Who Are You?
When someone asked, “Who are you?”
They want you to tell them who you really are. This is really simple question, is it? Or is it not?
On spur of moment, we start thinking how to come up with different answer for that rhetorical question? And sometimes we also come up with more than one ( like our twitter bio ) ..
“I am a Developer.”
“I am a Guitarist.”
“I am a Believer.”
“I am just a simple average man.”
It would be simple enough to respond with your name. But if the person wanted to know the entire story about who you are, the question would be more difficult to answer. You’d obviously have to give the details of your height, age, and weight. You’d also have to include all your sentiments and preferences, even the secret ones you’ve never shared with anyone — your affection for your loved ones; your desire to please the people you associate with; your dislike of your friend’s habit; your allegiance to your favorite beverage, brand of clothing, and music.
Your attitudes couldn’t be overlooked either — your impatience when an issue gets complex, your aversion to certain courses, your fear of high places and dogs and speaking in public. The list would go on. To be complete, it would have to include all your characteristics ; not only the physical but also the emotional and intellectual.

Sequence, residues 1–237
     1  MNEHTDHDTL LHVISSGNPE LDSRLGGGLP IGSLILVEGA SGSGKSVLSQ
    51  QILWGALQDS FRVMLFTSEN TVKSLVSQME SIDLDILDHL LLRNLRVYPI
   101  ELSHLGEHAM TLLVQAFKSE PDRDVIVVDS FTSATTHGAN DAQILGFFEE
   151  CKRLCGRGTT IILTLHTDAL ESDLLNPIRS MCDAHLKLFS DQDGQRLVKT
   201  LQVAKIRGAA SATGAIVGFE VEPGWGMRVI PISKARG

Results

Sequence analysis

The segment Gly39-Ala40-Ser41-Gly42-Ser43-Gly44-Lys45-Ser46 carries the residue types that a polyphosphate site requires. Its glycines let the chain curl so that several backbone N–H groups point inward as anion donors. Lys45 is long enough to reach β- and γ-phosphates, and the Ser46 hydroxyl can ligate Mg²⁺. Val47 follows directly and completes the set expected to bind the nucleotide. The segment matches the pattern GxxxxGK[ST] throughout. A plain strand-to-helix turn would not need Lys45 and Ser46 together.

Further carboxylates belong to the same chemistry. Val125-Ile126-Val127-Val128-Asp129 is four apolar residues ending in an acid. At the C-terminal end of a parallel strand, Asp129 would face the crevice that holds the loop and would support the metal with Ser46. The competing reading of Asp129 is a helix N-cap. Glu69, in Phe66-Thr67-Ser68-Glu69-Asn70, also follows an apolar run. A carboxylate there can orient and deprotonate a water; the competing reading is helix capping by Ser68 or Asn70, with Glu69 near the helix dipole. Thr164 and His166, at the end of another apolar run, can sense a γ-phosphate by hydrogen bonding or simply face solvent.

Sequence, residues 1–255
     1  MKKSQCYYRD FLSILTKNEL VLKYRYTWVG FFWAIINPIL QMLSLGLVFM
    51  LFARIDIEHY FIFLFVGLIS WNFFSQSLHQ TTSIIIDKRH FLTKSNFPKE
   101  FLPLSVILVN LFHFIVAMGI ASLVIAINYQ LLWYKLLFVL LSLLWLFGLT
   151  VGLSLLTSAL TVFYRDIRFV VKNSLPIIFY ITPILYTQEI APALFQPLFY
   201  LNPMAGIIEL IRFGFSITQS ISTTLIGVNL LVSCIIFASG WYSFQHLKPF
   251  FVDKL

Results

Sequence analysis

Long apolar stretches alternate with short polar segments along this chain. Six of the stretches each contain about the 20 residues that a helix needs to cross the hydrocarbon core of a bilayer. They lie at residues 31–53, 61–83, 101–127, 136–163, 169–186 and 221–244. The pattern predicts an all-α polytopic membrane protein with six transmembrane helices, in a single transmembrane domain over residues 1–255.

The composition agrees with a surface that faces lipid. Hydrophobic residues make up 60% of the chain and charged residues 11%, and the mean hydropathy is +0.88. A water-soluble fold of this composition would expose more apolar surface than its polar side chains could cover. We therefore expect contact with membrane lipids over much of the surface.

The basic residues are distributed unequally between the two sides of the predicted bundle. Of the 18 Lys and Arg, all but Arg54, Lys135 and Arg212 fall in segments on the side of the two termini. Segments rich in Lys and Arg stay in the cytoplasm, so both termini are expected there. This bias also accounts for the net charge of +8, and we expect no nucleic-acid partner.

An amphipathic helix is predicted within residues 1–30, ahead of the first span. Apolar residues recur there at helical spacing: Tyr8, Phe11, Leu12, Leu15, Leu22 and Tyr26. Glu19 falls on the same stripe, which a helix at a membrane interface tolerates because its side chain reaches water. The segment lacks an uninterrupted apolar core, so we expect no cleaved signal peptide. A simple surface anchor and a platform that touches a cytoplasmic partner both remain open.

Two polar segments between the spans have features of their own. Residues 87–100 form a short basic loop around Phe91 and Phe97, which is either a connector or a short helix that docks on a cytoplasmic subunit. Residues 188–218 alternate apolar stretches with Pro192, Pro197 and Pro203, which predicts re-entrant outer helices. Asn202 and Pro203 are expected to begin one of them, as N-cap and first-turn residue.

Defining yourself is a difficult process, whether you are writing a journal entry, answering an interview question, or trying to be happier and more fulfilled in your life. However, you must define who you are for yourself first before you can do it for another person. What exactly makes up a a person differs according to what philosophy you follow, but you can look at some basic parts of yourself to define who you are. For instance, you can define your skill set, your passions, your personality, and your values as a way of determining who you are.
To provide all that information would be quite a chore. But suppose the questioner was still curious and asked, “How did you get the way you are?” If your patience were not yet exhausted, chances are you’d answer something like this: “I’m this way because I choose to be, because I’ve considered other sentiments and preferences and attitudes and have made my selections. The ones I have chosen fit my style and personality best.” That answer is natural enough, and in part it’s true.
But in a larger sense, it’s not true. The impact of the world on all of us is much greater than most of us realize.
... WHO ARE YOU?
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